What sea creature has lopsided claws, is barely as long as your little finger and yet is among the noisiest animals under the sea?
The evocatively named snapping shrimp or pistol shrimp can be found across a wide range of the world’s oceans and gives sperm and beluga whales stiff competition for the title of loudest marine animal. The noise comes from a claw snapping movement which is so powerful that it serves as a formidable blasting weapon.
Pistol shrimp, known to science as Alpheidae, are asymmetric: they have one small claw and one extra large claw which does the snapping (the enlarged claw reminds me of cowboy Woody’s overstuffed bicep after he is torn and repaired in Toy Story 2). The snapping claw closes forcefully, sending out a pulse strong enough to knock out the pistol shrimp’s prey. Wikipedia describes the claw snapping action in this way:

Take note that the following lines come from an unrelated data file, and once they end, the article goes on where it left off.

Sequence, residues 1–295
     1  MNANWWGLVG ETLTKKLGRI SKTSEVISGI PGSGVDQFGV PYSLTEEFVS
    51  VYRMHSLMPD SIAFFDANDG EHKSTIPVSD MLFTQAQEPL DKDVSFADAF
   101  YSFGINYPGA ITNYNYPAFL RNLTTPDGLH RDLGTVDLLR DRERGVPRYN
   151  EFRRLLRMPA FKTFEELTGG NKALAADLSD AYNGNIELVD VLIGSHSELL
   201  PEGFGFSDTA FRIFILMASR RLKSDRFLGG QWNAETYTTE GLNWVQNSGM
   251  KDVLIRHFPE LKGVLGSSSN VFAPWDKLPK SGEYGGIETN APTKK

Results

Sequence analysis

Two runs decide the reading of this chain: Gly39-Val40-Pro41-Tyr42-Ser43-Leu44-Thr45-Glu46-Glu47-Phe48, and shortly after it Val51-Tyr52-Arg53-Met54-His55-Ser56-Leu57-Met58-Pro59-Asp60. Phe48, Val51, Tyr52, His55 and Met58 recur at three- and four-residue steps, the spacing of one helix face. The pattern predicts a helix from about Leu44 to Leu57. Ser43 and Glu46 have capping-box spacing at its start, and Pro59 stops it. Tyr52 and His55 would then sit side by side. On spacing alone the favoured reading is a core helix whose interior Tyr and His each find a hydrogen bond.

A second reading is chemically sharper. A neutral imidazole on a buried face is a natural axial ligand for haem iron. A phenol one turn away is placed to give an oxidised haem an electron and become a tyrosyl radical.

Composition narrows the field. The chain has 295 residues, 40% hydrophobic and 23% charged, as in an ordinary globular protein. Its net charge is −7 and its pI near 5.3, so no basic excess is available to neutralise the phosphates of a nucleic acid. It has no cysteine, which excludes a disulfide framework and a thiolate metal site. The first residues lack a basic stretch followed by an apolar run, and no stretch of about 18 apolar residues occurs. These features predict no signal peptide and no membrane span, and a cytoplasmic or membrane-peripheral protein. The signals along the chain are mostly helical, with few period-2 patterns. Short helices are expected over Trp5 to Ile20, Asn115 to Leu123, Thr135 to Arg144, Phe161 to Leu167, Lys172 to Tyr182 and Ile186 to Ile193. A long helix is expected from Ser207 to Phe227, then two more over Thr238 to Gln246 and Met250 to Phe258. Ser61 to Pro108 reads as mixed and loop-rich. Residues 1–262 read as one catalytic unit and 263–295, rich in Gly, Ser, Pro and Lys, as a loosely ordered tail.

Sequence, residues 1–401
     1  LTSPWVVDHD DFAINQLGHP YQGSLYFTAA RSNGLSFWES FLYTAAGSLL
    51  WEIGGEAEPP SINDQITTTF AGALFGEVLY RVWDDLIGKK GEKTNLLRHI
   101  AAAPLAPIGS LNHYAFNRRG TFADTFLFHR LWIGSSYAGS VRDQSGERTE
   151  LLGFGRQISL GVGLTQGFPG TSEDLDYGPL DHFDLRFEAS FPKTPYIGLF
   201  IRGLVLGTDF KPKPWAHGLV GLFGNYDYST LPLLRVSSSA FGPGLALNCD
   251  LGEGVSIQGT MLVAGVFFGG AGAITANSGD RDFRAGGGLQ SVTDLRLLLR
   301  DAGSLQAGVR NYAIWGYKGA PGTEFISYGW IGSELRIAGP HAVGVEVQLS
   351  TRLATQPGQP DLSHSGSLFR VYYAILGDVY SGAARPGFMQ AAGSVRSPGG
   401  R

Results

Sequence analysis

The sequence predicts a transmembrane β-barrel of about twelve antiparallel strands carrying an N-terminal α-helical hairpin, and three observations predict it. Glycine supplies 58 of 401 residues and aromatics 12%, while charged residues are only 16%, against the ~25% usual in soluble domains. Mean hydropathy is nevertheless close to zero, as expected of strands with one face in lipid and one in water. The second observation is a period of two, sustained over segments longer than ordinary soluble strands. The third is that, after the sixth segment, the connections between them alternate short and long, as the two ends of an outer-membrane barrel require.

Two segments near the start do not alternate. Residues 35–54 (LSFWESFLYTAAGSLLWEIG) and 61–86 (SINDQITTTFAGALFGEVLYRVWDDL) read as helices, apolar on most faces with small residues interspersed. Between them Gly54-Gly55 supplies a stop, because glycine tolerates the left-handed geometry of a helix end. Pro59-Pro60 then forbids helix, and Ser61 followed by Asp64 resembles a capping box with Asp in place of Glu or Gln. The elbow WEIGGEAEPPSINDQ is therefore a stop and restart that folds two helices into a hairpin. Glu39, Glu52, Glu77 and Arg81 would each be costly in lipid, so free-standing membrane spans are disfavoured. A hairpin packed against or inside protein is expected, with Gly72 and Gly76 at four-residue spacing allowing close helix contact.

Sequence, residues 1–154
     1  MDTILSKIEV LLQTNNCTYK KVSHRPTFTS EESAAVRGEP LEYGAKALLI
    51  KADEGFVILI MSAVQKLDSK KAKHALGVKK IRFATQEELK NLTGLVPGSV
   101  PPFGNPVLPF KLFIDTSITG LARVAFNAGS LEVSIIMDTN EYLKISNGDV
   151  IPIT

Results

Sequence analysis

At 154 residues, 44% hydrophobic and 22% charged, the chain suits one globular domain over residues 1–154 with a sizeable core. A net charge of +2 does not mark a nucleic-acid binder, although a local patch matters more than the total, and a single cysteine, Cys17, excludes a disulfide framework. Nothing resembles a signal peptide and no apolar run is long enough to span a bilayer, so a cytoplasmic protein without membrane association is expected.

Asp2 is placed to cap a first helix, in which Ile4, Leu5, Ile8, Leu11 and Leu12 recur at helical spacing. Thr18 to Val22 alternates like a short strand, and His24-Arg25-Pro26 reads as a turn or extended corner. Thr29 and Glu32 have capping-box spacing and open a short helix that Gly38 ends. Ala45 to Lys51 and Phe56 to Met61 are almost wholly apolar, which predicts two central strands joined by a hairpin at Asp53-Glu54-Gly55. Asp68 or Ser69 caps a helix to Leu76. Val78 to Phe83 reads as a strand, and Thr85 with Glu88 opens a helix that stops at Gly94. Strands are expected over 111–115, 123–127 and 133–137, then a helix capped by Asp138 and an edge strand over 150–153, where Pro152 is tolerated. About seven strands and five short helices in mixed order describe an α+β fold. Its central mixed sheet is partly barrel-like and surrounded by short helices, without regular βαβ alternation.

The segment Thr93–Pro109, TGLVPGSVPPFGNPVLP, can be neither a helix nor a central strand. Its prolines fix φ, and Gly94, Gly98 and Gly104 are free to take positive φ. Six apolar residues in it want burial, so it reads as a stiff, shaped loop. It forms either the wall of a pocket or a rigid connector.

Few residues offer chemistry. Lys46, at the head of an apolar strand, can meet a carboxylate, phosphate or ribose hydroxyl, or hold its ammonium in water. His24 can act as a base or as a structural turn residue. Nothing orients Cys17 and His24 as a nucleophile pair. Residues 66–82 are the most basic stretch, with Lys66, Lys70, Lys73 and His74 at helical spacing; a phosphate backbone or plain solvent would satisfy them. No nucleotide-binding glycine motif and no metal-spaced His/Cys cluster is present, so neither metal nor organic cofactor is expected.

The animal snaps a specialized claw shut to create a cavitation bubble that generates acoustic pressures of up to 80 kPa at a distance of 4 cm from the claw. As it extends out from the claw, the bubble reaches speeds of 60 miles per hour (97 km/h) and releases a sound reaching 218 decibels. The pressure is strong enough to kill small fish.
As these bubbles collapse they grow very hot, briefly reaching a temperature which almost matches the surface of the sun and creating a tiny but intense flash of light which cannot be seen by the human eye. Not bad for a crustacean which is no more than 5cm long!
Ria Tan www.wildsingapore.com/wildfacts/